Portland Timbers Champion Children with Learning Challenges

Portland Timbers Champion Children with Learning Challenges

Struggling readers will be paired with mentors and assistive technology through a unique program that advances educational equity for underserved children.

May 2,  2019 (Portland, OR)The Shadow Project, a Portland nonprofit committed to making school more accessible and engaging for children with disabilities, has received a grant of $8,400 grant from the Portland Timbers Community Fund of the Oregon Community Foundation. The grant will expand a Reading Mentors program through which elementary students who are reading up to three behind grade level have increased as much as two years in reading proficiency.

“Equitable education in childhood leads to better health throughout a person’s life,” said Michael Reyes, NWHF Community Engagement Officer. “Too often, children of color, children from families struggling to make ends meet, and children with disabilities don’t receive an equitable education. That’s why we’re excited to fund The Shadow Project.”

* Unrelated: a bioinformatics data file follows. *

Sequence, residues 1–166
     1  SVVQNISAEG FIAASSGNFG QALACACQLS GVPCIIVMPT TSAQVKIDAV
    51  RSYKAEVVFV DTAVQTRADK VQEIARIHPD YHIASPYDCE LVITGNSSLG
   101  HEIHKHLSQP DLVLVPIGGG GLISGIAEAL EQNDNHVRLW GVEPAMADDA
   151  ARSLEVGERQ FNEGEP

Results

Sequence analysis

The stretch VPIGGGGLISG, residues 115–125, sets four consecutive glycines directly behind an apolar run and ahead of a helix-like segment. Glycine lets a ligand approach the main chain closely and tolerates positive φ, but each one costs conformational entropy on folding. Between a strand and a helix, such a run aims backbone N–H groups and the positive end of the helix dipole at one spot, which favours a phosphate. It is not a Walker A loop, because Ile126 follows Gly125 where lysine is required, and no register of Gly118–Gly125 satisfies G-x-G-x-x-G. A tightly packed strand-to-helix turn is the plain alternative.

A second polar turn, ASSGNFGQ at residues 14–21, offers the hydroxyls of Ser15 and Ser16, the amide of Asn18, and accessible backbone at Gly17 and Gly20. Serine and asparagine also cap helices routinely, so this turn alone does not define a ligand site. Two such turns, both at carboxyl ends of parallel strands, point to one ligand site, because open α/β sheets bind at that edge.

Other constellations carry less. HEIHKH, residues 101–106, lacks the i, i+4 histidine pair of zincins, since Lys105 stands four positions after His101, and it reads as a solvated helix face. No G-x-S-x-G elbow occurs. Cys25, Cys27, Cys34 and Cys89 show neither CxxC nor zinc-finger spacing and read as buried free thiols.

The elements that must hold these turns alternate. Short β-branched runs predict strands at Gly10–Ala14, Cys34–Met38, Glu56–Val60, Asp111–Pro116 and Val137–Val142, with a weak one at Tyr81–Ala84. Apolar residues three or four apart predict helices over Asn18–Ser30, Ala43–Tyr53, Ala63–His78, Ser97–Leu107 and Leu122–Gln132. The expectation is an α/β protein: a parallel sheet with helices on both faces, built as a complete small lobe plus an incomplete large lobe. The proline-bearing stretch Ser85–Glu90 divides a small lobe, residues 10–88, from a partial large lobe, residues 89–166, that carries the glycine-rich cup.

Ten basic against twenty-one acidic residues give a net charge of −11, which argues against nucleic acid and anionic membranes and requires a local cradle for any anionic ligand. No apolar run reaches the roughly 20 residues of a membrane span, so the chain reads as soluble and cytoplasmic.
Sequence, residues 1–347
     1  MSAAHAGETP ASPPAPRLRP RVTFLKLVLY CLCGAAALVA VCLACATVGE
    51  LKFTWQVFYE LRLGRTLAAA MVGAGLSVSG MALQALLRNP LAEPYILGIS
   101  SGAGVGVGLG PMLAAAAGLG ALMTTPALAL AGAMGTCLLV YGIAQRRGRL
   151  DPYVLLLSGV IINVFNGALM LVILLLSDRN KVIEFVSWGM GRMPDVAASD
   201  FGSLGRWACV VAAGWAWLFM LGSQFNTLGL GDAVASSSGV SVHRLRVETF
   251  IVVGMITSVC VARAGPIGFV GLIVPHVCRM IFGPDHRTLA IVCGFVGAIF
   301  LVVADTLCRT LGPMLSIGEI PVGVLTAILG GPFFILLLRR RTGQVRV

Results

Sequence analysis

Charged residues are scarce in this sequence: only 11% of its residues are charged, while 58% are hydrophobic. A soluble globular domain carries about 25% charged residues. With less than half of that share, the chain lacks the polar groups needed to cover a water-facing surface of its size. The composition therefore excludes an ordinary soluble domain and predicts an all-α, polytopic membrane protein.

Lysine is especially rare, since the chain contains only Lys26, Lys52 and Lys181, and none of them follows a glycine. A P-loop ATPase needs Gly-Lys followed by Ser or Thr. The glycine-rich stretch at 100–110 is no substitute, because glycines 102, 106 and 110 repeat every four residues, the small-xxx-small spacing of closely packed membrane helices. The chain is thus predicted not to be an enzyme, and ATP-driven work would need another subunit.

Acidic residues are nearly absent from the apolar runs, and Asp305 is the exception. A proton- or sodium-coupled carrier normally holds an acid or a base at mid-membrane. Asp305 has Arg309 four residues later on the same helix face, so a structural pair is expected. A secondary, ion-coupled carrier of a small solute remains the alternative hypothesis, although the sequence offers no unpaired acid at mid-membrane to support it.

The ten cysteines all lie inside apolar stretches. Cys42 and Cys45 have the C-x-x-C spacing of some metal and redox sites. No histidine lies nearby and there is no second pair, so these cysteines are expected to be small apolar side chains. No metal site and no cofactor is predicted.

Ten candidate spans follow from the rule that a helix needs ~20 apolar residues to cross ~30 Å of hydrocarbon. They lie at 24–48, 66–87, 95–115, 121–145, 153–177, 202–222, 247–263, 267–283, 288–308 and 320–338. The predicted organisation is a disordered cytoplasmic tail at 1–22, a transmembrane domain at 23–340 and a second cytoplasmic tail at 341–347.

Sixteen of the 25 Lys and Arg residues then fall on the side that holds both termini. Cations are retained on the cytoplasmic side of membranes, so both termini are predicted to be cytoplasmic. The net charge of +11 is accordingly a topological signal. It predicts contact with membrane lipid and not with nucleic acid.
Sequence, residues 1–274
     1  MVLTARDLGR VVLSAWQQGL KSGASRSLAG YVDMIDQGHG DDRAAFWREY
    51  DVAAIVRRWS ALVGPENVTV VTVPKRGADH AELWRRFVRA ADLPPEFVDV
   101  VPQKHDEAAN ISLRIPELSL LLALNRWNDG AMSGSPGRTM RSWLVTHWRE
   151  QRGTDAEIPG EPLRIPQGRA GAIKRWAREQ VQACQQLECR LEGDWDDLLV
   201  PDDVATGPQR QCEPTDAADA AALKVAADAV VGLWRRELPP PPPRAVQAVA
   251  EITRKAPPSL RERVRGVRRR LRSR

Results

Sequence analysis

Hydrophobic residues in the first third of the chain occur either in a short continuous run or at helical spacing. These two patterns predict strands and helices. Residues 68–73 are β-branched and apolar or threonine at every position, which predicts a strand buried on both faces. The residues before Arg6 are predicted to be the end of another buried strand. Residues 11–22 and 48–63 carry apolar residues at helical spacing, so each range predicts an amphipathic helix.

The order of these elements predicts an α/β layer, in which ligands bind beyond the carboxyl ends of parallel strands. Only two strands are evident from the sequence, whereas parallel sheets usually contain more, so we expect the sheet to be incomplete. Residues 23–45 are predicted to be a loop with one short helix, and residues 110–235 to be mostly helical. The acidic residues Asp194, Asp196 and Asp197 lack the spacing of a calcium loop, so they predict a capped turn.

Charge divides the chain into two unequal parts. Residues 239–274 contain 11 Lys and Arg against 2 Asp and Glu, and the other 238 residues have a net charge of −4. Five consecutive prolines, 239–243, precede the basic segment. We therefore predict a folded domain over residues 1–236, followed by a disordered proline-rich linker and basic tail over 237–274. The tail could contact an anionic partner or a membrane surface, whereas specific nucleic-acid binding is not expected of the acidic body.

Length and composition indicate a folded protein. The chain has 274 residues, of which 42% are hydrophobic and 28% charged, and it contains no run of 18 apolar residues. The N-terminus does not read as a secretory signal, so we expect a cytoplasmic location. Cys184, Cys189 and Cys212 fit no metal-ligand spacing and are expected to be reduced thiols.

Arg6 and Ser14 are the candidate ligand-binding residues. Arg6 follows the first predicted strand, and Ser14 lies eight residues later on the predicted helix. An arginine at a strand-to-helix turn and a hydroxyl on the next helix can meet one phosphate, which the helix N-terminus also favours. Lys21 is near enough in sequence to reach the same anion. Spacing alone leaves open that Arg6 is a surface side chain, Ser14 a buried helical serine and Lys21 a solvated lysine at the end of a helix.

The Shadow Project will harness the strengths of opportunity communities to make school an inclusive place where children with conditions such as dyslexia, ADHD, and autism can thrive and belong. In Oregon, 79% of children with disabilities do not meet the milestone of third-grade reading proficiency that predicts high school graduation.

“Parent voice is urgently needed to increase educational equity for these promising students,”

said Shadow Project Executive Director Christy Scattarella. “This project will build the leadership capacity of parents to drive our program delivery and create a unified voice for change.” The organization will convene at least two community gatherings that bring together Shadow’s network of parents and educators with organizations that have their own strong networks of parent advocates, including Decoding Dyslexia Oregon.

The Portland Timbers Community Fund harnesses the power of sport to improve the lives of children and families through targeted programs, deep partnerships and philanthropic giving. The fund’s priority in the area of education is for all students to read proficiently by third grade, fostering a lifetime love of learning and literacy in local children.

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